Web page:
This intelligent and current picture about childhood fears and understandings also serves as a damning indictment of French immigration policy under Sarkozy. Narrated retrospectively from the year 2067 by central protagonist Milana, she tells the story of her near-deportation from France at the age of ten and the plan her young classmates hatched to save her. Milana (Linda Doudaeva) lives with her Chechen family in Paris and attends the same school as her friend Blaise (Jules Ritmanic) and his younger sister Alice (Louna Klanit). After their friend Youssef is deported along with his family, Blaise’s mother (Valeria Bruni-Tedeschi) takes Milana into their home, hoping to protect her from the police, busy chasing deportation targets. The children hear stories of their immigrant neighbours falling to their deaths from balconies trying to hide from the strong-armed authorities and entire families disappearing and so eventually take their safety into their own hands by absconding to an underground basement as a kind of protest of solidarity with Milana. It’s a culture of fear and paranoia in which even the classroom is no longer safe for those not natively born in France, their multi-cultural community is effectively portrayed as a police state and whilst set today and grounded in reality, images of groups of officers marching down the street evoke the darkest Orwellian dystopias.
Director Romain Goupil elicits brilliant performances from his young cast, terrified for their friend yet ready to take affirmative action against laws even a child can see are destructive. That’s not to say all sides of the argument aren’t discussed, Goupil (playing Blaise’s father) occupies a reformative but more centrist position than his wife and becomes frustrated with her ultra-liberal idealism. Her argument with her politically-opposed brother (Hippolyte Girardot) provides one of the strongest scenes in the film. But it’s the time spent alone with the children that’s ultimately the most rewarding. Like Laurent Cantet with The Class (2008), Goubil directed the kids through a series of improvisations and there’s no sentimental element to any of the characters, just all the complexities, insecurities, naiveties and self-assuredness of childhood.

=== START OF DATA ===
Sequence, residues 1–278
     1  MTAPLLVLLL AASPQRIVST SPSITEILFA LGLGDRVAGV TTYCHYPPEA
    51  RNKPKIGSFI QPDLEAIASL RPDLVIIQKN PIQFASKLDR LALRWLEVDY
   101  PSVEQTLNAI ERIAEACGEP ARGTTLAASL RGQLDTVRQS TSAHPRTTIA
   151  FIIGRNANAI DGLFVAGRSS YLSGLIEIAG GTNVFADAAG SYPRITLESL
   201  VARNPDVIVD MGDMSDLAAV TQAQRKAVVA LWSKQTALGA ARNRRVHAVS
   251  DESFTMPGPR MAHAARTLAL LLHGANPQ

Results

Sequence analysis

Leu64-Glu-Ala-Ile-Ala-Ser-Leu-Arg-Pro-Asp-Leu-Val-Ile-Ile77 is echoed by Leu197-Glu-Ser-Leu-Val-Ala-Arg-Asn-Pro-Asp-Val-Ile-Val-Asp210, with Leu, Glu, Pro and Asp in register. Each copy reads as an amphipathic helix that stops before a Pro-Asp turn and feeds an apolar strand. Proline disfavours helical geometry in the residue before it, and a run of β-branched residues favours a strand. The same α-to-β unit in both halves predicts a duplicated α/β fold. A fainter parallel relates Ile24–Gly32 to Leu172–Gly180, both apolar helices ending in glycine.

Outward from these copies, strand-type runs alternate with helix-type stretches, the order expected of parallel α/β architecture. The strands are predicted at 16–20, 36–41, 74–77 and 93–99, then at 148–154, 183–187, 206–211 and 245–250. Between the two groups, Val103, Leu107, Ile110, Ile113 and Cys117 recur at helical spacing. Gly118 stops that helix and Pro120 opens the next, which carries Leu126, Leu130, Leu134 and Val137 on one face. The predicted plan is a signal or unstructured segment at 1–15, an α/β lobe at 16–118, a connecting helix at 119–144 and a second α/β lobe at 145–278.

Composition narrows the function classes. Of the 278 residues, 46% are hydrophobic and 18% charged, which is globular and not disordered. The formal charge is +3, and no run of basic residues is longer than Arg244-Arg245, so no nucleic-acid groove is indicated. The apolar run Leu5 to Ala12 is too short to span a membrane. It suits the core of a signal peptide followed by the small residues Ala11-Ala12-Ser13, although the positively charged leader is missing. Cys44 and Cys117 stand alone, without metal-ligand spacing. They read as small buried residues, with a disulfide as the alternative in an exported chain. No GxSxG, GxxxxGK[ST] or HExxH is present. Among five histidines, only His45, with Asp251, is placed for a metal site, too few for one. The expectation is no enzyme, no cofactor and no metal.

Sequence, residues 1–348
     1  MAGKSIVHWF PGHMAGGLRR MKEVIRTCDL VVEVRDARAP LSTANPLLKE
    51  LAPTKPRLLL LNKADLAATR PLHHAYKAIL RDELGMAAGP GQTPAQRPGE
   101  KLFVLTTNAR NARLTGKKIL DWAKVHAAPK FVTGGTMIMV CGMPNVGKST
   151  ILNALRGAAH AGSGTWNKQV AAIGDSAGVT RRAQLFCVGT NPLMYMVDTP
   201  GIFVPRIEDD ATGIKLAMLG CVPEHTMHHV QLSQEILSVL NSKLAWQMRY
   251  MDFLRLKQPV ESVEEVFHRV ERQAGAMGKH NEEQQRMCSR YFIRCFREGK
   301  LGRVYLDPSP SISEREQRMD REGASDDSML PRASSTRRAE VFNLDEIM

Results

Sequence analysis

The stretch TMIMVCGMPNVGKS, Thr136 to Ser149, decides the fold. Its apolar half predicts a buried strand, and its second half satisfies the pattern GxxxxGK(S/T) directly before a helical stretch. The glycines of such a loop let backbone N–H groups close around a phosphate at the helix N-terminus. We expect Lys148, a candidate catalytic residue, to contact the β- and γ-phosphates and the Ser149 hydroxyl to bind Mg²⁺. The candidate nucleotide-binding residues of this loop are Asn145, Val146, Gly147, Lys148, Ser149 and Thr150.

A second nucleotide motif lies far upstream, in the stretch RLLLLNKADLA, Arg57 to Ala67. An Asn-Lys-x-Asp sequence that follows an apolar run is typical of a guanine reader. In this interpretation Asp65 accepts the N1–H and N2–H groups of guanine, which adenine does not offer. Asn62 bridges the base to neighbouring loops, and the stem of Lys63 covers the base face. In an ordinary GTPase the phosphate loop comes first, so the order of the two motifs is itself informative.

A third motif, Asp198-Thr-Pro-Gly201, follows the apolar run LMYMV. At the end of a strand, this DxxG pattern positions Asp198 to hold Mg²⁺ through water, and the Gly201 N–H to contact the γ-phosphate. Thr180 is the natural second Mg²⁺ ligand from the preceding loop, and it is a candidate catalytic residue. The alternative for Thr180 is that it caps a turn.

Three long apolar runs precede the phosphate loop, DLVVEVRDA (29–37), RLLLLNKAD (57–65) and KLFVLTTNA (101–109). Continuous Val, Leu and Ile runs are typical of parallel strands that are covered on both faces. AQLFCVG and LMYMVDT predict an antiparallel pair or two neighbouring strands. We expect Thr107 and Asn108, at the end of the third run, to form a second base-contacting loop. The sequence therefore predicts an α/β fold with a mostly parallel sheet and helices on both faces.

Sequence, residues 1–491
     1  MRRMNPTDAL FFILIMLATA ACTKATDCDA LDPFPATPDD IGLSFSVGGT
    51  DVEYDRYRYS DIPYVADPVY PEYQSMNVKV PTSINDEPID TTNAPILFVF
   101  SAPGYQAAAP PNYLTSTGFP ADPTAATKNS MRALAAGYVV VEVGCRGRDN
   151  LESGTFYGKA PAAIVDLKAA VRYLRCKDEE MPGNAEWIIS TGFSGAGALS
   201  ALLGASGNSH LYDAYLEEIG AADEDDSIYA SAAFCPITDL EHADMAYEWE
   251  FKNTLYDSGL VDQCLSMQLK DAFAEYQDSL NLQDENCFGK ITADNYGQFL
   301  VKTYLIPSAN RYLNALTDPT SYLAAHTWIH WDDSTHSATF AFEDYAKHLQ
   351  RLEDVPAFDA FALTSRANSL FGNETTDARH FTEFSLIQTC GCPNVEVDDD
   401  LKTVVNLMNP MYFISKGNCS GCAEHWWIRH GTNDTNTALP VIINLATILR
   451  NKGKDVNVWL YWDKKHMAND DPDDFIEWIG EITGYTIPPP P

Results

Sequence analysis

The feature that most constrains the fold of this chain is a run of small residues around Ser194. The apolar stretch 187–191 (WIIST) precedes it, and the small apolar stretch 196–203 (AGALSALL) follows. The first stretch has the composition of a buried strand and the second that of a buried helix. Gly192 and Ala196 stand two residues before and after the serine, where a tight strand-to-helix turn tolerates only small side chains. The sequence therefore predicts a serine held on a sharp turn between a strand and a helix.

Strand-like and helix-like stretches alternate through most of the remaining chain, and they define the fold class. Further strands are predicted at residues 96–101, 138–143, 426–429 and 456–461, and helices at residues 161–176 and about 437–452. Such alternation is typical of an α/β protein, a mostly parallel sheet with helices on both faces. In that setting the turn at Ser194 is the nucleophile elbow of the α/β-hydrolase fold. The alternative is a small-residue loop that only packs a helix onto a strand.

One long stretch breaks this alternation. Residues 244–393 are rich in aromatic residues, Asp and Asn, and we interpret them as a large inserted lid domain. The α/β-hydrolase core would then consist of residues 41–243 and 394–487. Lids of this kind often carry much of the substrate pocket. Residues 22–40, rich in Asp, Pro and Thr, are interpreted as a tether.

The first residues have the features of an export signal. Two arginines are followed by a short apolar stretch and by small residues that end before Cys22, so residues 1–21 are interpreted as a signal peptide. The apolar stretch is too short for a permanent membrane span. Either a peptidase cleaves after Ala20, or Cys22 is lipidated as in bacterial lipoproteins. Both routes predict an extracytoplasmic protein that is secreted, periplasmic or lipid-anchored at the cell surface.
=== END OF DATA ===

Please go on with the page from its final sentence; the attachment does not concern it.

Shot digitally on the RED camera system, the scenes on the streets have an urgency and tangible sense of tension whilst those in the cellar where the kids hide out are candle-lit to womb-like effect. The question of immigration in France today is much more than a subtext in Hands Up, it’s the backbone to the story, and whilst never moralising or dictatorial in its’ message, it is quietly optimistic yet clear in its’ view that it’s the next generation who’ll need to implement change. Hopefully the future-set framing device of the film will prove a premonition, and the next generation will be able to tell a similar story to this one to a future audience in disbelief that this was happening in 2010.